My walk-in closet holds a trust fund in clothing I cannot toss into the rag bag or give away. I mix old clothes with new ones, and they get along fine. As I reflect on why I have kept some pieces, I realize that clothing stores memory. If I were to give away particular items, which I will tell you about, I would lose tactile reminders of experiences, adventures, and even relationships. I would lose reminders of aromas, weather, and other sensual tags linked to life’s adventures. Thankfully, I don’t have the nighty I wore at age sixteen when Steve and I . . . well, nevermind. I would light a match to that piece of cotton because Steve turned out to be a jerk messing with a high school kid. Yet, the memory of that relationship, more than the nightgown, has hung in my mental closet these many years.
I have a long-sleeve, silk blouse with green stripes. I haven’t worn it in years, but somehow I cannot give it away. That blouse reminds me of the night after work when Gail and I took an express train to Fordham Road in the Bronx. Loehmann’s was a wonderland of bargains for the working girl, and we were giddy to have spent so little for so much. I loved wearing the blouse with cuff links I bought in Florence. Would I forget about Florence or Loehmann’s if I donated the blouse and the cuff links? I want to keep that experience alive, and I’m not taking the chance of a memory lapse.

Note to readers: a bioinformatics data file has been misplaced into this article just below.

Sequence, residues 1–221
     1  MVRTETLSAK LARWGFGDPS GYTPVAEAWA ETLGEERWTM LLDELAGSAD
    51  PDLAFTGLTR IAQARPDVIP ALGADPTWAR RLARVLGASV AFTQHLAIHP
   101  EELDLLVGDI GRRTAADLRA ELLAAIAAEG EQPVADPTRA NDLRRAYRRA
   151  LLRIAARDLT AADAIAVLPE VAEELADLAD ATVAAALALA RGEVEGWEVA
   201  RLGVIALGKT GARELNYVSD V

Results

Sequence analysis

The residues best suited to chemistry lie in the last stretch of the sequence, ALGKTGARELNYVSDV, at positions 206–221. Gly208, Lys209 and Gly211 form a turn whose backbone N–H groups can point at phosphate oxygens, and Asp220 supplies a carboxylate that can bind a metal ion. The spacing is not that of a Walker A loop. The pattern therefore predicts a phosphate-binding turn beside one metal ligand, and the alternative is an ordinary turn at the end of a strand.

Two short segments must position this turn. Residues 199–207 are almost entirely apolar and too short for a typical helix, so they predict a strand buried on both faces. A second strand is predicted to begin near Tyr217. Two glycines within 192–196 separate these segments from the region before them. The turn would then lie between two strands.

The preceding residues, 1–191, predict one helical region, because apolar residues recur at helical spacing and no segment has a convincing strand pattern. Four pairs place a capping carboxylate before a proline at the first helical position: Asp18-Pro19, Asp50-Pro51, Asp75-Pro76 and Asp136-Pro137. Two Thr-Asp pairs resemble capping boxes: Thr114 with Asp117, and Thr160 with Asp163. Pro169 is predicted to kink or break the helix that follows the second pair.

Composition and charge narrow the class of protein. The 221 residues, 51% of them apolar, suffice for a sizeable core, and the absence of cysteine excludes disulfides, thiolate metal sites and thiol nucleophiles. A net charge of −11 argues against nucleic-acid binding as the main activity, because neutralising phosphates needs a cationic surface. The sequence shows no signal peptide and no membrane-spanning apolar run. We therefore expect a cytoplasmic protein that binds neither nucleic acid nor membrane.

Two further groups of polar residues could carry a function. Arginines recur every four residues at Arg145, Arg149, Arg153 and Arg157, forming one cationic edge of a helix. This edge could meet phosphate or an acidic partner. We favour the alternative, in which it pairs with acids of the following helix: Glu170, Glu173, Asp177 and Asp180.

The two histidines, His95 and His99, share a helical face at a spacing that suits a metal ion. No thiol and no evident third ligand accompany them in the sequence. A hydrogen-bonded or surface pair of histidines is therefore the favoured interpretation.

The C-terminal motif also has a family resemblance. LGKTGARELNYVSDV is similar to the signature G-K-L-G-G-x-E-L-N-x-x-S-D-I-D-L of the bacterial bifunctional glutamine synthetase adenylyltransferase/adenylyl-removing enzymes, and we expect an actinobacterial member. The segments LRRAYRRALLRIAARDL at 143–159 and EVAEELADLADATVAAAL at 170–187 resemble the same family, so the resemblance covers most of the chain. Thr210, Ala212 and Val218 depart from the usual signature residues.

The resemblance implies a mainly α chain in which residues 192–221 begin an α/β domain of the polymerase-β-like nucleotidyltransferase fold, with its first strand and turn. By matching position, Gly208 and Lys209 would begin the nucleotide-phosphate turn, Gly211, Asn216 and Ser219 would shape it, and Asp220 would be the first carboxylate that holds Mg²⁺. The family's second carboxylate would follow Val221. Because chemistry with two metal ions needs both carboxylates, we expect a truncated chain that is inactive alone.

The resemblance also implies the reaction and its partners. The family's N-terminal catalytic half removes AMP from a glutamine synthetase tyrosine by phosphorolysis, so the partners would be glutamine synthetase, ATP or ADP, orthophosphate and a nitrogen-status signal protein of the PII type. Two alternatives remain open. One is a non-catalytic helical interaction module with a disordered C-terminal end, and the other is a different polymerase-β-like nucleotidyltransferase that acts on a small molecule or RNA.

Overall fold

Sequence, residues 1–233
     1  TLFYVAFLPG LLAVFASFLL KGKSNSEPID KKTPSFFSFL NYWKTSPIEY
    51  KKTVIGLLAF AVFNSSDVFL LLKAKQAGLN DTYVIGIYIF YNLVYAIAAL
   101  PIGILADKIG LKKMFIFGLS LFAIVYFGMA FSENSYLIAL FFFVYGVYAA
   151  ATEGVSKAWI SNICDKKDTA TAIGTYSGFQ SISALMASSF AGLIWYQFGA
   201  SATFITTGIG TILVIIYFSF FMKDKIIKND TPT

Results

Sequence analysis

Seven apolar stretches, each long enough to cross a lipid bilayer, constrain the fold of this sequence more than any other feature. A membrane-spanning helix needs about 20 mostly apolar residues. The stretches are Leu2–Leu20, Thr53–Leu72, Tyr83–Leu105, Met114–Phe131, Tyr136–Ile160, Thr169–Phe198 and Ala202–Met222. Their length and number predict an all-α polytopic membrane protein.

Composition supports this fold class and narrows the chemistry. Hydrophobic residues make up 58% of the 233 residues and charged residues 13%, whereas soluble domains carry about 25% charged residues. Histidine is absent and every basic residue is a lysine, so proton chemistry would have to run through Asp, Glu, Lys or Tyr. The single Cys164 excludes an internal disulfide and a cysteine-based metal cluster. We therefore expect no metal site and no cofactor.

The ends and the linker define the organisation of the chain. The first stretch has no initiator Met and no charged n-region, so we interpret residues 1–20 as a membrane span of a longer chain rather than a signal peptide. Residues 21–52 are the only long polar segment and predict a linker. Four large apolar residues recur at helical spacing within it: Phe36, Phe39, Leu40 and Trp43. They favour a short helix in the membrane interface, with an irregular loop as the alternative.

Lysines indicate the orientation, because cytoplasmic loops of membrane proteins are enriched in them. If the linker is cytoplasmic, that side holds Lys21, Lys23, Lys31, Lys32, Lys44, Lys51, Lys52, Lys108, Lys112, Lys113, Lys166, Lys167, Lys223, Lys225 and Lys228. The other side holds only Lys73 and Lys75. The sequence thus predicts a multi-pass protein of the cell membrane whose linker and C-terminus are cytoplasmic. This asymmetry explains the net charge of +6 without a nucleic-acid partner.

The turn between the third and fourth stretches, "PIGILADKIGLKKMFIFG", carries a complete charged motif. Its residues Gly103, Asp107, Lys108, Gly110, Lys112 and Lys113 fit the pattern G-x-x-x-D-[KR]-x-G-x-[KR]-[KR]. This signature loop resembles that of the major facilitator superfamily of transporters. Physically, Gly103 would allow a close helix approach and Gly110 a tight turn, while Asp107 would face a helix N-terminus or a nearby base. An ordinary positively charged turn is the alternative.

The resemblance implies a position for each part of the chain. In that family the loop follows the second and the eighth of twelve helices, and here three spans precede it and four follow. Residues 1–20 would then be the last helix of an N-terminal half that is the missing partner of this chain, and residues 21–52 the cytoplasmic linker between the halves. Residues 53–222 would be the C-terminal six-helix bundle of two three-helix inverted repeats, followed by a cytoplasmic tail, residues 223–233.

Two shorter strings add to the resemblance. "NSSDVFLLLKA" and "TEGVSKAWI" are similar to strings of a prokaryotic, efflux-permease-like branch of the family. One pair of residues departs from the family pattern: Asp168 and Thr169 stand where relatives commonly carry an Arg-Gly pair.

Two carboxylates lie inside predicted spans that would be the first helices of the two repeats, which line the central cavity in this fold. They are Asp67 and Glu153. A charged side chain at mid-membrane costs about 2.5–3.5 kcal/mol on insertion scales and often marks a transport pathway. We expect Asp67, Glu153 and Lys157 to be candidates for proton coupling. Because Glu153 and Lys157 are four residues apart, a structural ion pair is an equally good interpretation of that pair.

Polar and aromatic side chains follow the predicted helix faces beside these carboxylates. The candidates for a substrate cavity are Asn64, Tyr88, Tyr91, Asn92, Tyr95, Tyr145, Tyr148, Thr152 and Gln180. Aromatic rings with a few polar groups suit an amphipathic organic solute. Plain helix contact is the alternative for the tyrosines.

The teeshirt from the M/V Santa Cruz with its blue-footed boobies and the word Galapagos, will rot from old age. I will never cut the fabric into dust rags. I feel the same about the tee shirts I bought in Nazca. After dizzying swoops in a prop plane with scratched plastic windows, I realized I saw the fabled lines more clearly at the Ica museum’s mockup. After we landed, I staggered into the gift shop, almost but not quite air sick. I rewarded myself by buying a red and a turquoise tee shirt. Just seeing them in the closet brings a smile as I recall that crazy flight and those crazy lines in the desert. I also think about the Japanese tourist with the telephoto lens who sat behind the pilot. I did not see him buy a tee shirt.
In the way-back space of my closet hangs the why-did-I-spend-$400 on that skirt and matching top at Maya Palace. I bought a green outfit with shiny trim, fabric flowers, and red ribbons at the skirt hem for my now-divorced son’s wedding atop Squaw Valley. When I see that outfit suffocating under a plastic bag, I burn over Kate’s impatience to marry Greg. I ask myself if I could have pressured them to wait another year. I did not interrupt the flow of their love, and we all suffered from the pain of their divorce. I realize that outfit, as lovely as it is, is a candidate for Craigslist or something worse.
A few years ago, I slipped another plastic bag over Talbot’s little black dress and put that in the way-back, too. Long sleeves, short skirt – that was my power dress for important dates, a job interview, and funerals. Under the same dust cover, hangs the funky beaded, crazy-patterned short jacket I bought at Jasmine on 4th Avenue. The piece has become vintage – so old and yet so beautiful. I fall in love with fabric and design, and with the memory of how I chose the purchase. For my ordinary clothes, those items that lack an investment in passion or memory, off to the Goodwill store they will eventually go.
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